I’ve been a professional tailor for over 10 years but I’ve been sewing for as long as I can remember. My mother was a seamstress and taught me the skill and passion for tailoring at a young age. By the time I was in grade school, I was tracing out basic patterns and making dresses for myself and my friends.
As a professional tailor, I think I have a more difficult time finding clothes that “fit” because I am so particular about fit. But I know that most of the time, it just takes snipping in a little here and letting out a little there, to turn something blah into a great fitted piece. And I enjoy helping women with that. I like to think that, in my own small way, I am touching many women and making their day a little brighter.
I didn’t always know what I wanted to be when I grew up. I never considered becoming a seamstress because I thought it was something that I did for fun, not something to make a career out of.
I’ve always been very detail oriented, so I pursued a degree in accounting. After my first accounting job, I quickly realized number-crunching wasn’t going to make me happy. I was young and needed money, so I was afraid to quit. A year later, the company ended up closing down and the head accountant suggested I come with her to another company. I was reluctant but I didn’t have a better option, so I went.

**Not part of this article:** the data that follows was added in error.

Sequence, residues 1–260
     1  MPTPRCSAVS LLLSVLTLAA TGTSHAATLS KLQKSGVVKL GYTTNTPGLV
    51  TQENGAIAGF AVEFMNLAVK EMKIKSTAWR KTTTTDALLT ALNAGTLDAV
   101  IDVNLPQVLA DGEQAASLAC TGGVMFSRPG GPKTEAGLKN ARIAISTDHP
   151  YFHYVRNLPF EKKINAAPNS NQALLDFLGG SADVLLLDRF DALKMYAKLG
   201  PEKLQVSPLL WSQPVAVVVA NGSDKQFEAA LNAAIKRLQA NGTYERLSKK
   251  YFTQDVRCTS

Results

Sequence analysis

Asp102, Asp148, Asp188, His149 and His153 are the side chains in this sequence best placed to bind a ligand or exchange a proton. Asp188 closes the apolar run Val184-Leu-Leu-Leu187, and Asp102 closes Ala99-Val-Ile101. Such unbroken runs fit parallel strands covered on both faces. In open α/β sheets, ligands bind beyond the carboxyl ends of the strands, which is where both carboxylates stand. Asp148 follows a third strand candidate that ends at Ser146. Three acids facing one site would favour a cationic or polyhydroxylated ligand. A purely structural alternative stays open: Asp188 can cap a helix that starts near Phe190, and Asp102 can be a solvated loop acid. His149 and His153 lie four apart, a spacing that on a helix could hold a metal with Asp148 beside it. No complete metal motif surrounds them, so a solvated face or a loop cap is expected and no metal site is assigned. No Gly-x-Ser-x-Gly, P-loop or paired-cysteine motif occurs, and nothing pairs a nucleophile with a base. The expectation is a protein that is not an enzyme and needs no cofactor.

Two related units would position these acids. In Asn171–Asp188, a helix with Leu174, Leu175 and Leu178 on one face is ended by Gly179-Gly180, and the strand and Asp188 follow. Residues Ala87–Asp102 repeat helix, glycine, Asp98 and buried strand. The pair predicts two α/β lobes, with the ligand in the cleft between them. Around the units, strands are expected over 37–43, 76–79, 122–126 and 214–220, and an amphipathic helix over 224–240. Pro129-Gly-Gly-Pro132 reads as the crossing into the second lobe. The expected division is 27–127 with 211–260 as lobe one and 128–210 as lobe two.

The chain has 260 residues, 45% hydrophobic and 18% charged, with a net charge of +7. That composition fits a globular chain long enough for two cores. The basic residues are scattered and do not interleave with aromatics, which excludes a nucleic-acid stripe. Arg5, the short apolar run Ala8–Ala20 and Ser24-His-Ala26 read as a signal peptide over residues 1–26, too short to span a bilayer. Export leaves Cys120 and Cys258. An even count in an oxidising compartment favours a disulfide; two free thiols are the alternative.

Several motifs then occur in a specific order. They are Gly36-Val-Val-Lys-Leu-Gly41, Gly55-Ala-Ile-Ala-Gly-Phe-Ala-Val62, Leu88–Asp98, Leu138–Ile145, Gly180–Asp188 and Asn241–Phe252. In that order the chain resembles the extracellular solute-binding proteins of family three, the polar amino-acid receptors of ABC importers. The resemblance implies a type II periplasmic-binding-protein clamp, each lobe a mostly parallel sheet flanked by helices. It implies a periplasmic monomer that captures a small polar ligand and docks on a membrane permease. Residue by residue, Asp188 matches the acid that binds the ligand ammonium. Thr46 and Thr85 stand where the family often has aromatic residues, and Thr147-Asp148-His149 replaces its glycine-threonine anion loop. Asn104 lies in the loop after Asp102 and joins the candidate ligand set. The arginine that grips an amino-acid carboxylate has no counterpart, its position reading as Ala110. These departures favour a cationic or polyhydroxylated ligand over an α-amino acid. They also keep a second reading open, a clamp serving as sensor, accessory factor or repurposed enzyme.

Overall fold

The new company was young and in it’s growth phase. They were quickly expanding and had a new production management program. I didn’t have any professional experience, just the little recreational sewing I had done with my mom - but I applied anyway. To my surprise, they accepted me and I spent the next 6 months learning in-depth technical sewing techniques and the intricacies of the clothing production process. I also trained on every machine in the factory and how to make minor repairs. As the company grew, my role evolved from seamstress to trainer. I managed all the new sewing room supervisors, then started managing the quality assurance team. These positions have given me a thorough understanding of each step in the production process.
After helping to technically design one of company’s collections, I remember feeling so proud of myself! I felt like I had officially left my accounting self behind and was officially a professional tailor.
Since those first years, I have focused on finding new ways to improve the fit and quality of every piece I work on.
At Rita Phil, I get to hone my craft every day. Each skirt we make is completely different because each customer is different. And even if we make two skirts for the same customer, those two styles require their own analysis. I’m happy to have found a career that appreciates attention-to-detail and analytical skills -- that doesn’t require staring at a spreadsheet all day. And at the same time, I’m seeing how I touch our customers. It makes my day when we receive feedback from our customers!
Making skirts for men - men’s bodies are definitely very different from women’s bodies! We had to rethink the way we applied proportions to the skirt, the darts, the waistband - essentially, it’s an entirely different process. And we found that fabric is less forgiving on the male form, so we are quite particular with fabric recommendations for our male clients.